It’s the place where dreams come true.
I’m talking about not just Walt Disney World, but also this year’s Gartner Data & Analytics Summit, which took place last month in Orlando at the landmark resort. Alation was proud to have been among the thought leaders at the annual gathering of data experts from around the world.
Here are some of the things we’re still talking about from the event, which offered ways to grant more data-related wishes — using marketplaces, products, mesh, fabric, AI, and active governance — than the genie of Aladdin’s lamp could accommodate.
Align your people, align your business
Lest we forget that data is only as powerful as the community of people who use it, the keynote address, by Gartner VP analysts Rita Sallam and Kurt Schlegel, reminded us that if there’s a lack of business alignment at your organization, it’s likely because of your culture, not your tech.
“The most common roadblocks to the success of D&A initiatives are all human-related challenges,” they noted, citing:
- Skills shortages
- Lack of business engagement
- Difficulty accepting change
- Poor data literacy throughout the organization
With D&A leaders under increasing pressure to show ROI, business alignment is critical.
Mesh or fabric? (And when the answer is “Yes!”)
Many D&A leaders were eager for guidance on which approach to take for their modern data stacks: mesh or fabric? Ehtisham Zaidi, Gartner’s VP of data management, and Robert Thanaraj, Gartner’s director of data management, gave an update on the fabric versus mesh debate in light of what they call the “active metadata era” we’re currently in.
Both architectural approaches offer risks and benefits, but what’s notable about data mesh is its ability to offer data products, used for data-sharing use cases, that are:
- Consumption-ready (trusted by consumers)
- Current (kept up-to-date by engineering teams for agreed-upon SLAs)
- Approved for use (governed by data contracts and agreements)
These products, in turn, enable data marketplaces as collaboration platforms that allow:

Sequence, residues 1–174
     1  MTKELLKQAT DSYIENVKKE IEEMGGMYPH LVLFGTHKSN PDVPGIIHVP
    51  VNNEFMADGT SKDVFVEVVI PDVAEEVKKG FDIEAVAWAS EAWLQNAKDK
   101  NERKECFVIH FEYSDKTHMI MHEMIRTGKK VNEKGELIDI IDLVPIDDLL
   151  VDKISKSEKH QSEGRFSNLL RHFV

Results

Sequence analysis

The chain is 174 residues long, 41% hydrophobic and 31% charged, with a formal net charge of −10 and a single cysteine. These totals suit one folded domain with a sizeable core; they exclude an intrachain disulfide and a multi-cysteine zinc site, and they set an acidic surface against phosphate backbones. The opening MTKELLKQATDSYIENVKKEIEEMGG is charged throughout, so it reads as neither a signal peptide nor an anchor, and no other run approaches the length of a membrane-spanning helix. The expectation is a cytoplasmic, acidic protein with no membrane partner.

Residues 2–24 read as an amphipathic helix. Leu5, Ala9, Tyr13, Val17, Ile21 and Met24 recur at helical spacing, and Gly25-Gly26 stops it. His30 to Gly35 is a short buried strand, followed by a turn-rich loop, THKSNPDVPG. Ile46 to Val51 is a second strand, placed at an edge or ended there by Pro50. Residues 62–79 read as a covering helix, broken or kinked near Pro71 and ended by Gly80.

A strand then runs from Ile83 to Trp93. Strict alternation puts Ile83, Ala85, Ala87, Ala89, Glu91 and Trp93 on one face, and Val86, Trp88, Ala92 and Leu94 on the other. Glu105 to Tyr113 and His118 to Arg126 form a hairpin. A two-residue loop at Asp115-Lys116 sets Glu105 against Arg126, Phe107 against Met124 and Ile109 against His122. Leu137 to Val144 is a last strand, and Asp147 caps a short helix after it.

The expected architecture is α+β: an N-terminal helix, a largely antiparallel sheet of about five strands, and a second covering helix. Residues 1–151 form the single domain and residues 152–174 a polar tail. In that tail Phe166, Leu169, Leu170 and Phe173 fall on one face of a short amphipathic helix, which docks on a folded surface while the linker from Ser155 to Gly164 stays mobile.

- Data custodians to publish
- Data consumers to self-serve
- Data subject owners to approve and audit
- Product managers to manage the full lifecycle of the data products
So, data mesh “wins,” right? Actually, with Solomon-like wisdom, Zaidi and Thanaraj suggest a scenario where data fabric and data mesh work together — a Reese’s Peanut Butter Cup of data architecture, representing a “meshy fabric” scenario I presented last year.
The foundations of successful data governance
The state of data governance was also top of mind. Gartner VP analyst Saul Judah declared, to the surprise of probably no one, that the support for data governance programs has yet to be matched by their success.
To level-set, Judah defined data governance as “the specification of designation rights and an accountability framework to ensure appropriate behavior in the valuation, creation, consumption, and control of data and analytics” — and listed its 7 must-haves:
- Accountability and decision rights
- Transparency and ethics
- Risk and security
- Education and training
- Collaboration and culture
- Value and outcomes
Note that none of those foundations start with a platform or software; achieving governance initiatives requires the business alignment and attention to human needs I mentioned earlier.